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For Armeca Washington, the best thing about being a real estate broker is helping clients find a new home.

"I love putting people in their homes," she said recently as she prepared to show a client a home for sale in Crown Point. 

Washington is managing broker of her own firm, Perfect Key Realty of Merrillville. She's in her second stint as a broker — she worked in the business for several years a decade ago, then returned to it a couple years ago at the urging of former clients.

Most of Washington's business comes from referrals by former clients. "That's the greatest compliment to me," she said.

The biggest challenge can be keeping clients, whether buyers or sellers, focused on their goals.

She recalled a seller who got cold feet just at the point of closing the sale. It took two hours of discussion to get back to the starting point — that selling was the right thing to do.

And in the current climate, when "we have way more buyers this year than we have people trying to sell," it's important to get those buyers to make the commitment as soon as possible.

"If you love it, buy it, because in this market, it'll be gone tomorrow," she said.

Finding that "love" can take time. Washington leads buyers through tours, inspections, title work and financing. "I have to walk them through that process," she said.

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To become a real estate broker, Washington had to take education beyond the level required for a sales agent and had to pass a broker's license exam. Brokers can work alone or they can hire agents to work for them.

A broker needs to be be energetic, enjoy serving others, and be a "people person" in general. And, a broker must have "mega-patience," she said, because "the rug can get pulled out" from under any potential deal at any time.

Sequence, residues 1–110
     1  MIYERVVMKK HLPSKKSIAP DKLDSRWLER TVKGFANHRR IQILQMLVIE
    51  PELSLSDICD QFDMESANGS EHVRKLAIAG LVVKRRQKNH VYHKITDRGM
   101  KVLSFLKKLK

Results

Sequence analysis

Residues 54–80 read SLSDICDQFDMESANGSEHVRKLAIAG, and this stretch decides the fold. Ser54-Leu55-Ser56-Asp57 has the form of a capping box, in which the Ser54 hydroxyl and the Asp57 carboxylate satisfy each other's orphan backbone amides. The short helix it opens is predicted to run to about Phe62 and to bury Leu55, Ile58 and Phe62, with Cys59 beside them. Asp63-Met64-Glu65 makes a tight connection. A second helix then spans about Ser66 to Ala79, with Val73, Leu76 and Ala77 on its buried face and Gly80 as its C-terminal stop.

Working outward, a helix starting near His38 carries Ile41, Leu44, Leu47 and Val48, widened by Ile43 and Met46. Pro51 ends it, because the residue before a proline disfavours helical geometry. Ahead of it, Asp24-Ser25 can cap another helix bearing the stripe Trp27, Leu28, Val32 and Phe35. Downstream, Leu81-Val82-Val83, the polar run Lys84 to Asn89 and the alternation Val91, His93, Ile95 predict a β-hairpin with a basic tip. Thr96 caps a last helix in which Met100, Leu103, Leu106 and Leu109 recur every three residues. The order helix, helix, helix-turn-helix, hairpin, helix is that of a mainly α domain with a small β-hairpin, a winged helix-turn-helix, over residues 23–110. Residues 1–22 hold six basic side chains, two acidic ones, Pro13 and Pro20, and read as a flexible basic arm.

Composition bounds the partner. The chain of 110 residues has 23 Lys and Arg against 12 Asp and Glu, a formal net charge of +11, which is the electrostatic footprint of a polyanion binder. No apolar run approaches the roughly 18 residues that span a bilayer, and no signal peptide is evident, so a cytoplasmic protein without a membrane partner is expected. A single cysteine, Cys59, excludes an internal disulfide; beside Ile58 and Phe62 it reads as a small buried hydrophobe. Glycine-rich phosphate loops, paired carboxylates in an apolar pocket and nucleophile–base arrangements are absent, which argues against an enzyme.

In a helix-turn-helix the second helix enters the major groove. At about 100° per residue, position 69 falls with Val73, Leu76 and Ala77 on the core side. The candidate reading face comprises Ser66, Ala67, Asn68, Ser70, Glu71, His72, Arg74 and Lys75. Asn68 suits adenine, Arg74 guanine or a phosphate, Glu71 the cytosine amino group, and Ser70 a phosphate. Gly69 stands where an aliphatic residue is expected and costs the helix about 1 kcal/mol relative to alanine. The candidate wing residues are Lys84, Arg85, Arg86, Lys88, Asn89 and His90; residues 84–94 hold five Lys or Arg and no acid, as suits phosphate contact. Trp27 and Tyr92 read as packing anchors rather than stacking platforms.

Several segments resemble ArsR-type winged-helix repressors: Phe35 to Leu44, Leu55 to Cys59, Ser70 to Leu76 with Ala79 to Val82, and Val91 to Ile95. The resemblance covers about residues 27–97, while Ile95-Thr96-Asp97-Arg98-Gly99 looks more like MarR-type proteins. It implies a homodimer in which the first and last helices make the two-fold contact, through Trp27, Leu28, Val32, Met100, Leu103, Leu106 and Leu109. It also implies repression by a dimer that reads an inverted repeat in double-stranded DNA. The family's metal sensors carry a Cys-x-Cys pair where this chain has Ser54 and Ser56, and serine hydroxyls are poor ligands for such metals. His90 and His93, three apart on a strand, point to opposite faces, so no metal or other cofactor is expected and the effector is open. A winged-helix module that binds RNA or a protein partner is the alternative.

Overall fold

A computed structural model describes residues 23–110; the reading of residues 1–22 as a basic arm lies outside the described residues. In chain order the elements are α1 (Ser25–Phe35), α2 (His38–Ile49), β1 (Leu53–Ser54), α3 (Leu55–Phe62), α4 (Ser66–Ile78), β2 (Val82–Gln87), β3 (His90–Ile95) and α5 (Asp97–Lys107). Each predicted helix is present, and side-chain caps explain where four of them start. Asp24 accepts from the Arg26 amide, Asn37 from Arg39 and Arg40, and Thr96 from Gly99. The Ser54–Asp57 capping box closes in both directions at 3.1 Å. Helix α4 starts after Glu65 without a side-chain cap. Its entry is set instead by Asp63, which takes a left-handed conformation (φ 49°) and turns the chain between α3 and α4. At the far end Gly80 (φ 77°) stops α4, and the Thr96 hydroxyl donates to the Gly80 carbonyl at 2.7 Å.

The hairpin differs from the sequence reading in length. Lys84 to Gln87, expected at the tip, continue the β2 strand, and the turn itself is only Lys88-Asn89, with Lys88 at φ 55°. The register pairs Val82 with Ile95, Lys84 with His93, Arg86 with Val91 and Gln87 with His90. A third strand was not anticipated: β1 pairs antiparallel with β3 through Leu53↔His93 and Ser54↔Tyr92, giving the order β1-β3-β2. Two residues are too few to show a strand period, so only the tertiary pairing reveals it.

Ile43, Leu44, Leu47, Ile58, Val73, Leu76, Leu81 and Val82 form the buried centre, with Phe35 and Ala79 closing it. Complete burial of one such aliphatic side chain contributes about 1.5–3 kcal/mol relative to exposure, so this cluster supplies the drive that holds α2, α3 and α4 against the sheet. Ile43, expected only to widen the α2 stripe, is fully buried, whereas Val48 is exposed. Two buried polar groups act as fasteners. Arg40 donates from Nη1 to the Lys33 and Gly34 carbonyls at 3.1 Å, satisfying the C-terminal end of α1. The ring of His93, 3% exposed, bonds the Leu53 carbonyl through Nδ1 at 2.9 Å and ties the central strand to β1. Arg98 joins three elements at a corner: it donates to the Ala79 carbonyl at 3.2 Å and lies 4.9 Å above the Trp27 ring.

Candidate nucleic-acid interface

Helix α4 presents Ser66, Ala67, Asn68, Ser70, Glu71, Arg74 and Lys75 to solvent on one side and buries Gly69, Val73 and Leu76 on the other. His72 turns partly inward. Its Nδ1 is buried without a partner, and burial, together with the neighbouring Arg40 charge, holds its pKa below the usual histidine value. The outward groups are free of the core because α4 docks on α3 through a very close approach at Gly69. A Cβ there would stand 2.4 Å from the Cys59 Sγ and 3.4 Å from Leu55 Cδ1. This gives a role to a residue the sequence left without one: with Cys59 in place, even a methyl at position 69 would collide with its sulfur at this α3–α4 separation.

For now, "houses are flying off the market," Washington said. She recorded her largest deal last year, a $1.5 million sale in Munster.

Prior to her career in real estate sales, Washington spent 10 years as "the only female crane operator in the slab yard at U.S. Steel."

"I'm on call all the time" as a real estate broker, she said, but she's happy to have left shift-work behind.

"This is the best job for me so I can get some sleep at night," she said.

How she got the job: Washington attended the McColly School of Real Estate while working at U.S. Steel. After completing the program, she began work at McColly Real Estate, which continued to provide training and support as she began her career. She has also worked for Re/Max. Perfect Key Realty is Washington's own firm, and she is currently the only broker.

What the job pays: Members of the National Association of Realtors earned a mean salary of $47,700 in 2013. Median pay for brokers was $66,300; for sales agents, $35,000.

Job growth: The Bureau of Labor Statistics projects an 11 percent annual growth rate for home sale agents through 2022.

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Assistant Deputy Editor

Andrew covers transportation, real estate, casinos and other topics for The Times business section. A Crown Point native, he joined The Times in 2014, and has more than 15 years experience as a reporter and editor at Region newspapers.